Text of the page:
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Blue Origin: America steps ahead in space

Blue Origin: America steps ahead in space
Published 26 Nov 2015 

Earlier this week, an American rocket flew into space then returned safely to Earth. That shouldn't be a big surprise. Space shuttles did that for 30 years between 1981 and 2011. What's different is that this was a private-enterprise venture, founded by Amazon mogul Jeff Bezos.

Blue Origin is a project to develop a rocket and crew capsule which will eventually launch space tourists on sub-orbital space missions. After a conventional launch, the capsule and rocket separate. The capsule lands on solid ground with the aid of parachutes, but the rocket lands on the power of its own main rocket engine, touching down on four landing struts. 

Getting rockets to land safely back on Earth is seen as a vital step to making spaceflight more affordable. Throwing out a vehicle after just one journey would make other forms of transport prohibitively expensive. The Space Shuttle was largely re-usable, but the heavy maintenance it required meant that it was really no cheaper than conventional 'expendable' rockets.

The successful landing of the Blue Origin rocket after an actual space mission sparked an angry 'tweet war' with Elon Musk, the South African-born entrepreneur behind Tesla electric cars and SpaceX, a US company that also makes rockets and space capsules. Musk has been trying to get one of his Falcon 9 rockets home safely for years, but has never staged a safe landing. Rivalries for this first landing shadow greater contests in the cutthroat business of commercial spaceflight, which struggles to attract clients to offset its huge operational costs.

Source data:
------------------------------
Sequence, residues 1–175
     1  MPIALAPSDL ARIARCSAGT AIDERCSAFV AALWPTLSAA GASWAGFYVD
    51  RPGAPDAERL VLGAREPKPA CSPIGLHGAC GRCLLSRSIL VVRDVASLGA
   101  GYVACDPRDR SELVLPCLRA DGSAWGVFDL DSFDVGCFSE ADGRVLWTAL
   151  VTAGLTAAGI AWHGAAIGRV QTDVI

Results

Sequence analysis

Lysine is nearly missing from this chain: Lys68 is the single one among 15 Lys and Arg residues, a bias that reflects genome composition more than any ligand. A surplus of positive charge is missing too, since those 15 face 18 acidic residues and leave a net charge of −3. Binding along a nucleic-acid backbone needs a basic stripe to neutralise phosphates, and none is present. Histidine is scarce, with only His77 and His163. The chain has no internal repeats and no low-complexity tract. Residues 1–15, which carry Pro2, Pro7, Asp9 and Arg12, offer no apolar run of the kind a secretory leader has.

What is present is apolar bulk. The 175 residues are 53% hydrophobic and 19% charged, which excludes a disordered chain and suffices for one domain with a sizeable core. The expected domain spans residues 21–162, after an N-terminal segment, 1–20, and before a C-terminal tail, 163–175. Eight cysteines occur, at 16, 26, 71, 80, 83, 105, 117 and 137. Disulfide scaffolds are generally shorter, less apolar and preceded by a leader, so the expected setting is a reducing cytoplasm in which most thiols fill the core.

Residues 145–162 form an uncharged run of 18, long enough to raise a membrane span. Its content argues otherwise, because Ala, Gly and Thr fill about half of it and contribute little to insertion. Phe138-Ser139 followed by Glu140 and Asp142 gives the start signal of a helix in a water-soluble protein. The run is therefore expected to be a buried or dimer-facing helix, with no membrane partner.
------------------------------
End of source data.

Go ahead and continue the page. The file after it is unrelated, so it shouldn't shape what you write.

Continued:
That's a commercial problem and a dilemma in international affairs and trade. Spaceflight is making a transition from government-sponsored launches to private enterprise flights. Already, commercial missions outstrip government ones. But commercial companies still depend heavily on government launch contracts (including SpaceX) and government-related launch providers have also dabbled in commercialism. Australia had its first two Aussat satellites launched by the US Space Shuttle. The price Australia paid for the launch did not reflect the true cost of flying the mission. Similarly, Japan has just launched a Canadian satellite on its government-sponsored H-2A rocket, the first commercial launch for this vehicle. China has also used its program to glean foreign currency for satellite launches at rates that some analysts feel are subsidised.

Nations accuse each other of unfair trade practices regularly. Space is no exception. As the space industry expands, and the world becomes even more interlinked through free trade treaties, the stage is set for further confrontations. Oh, national security is sometimes a good excuse to engage in protectionism!

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